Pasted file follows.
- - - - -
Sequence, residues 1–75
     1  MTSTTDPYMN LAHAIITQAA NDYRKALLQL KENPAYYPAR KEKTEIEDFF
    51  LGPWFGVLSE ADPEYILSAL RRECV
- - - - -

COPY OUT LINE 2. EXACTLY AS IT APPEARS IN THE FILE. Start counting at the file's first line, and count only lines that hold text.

     1  MTSTTDPYMN LAHAIITQAA NDYRKALLQL KENPAYYPAR KEKTEIEDFF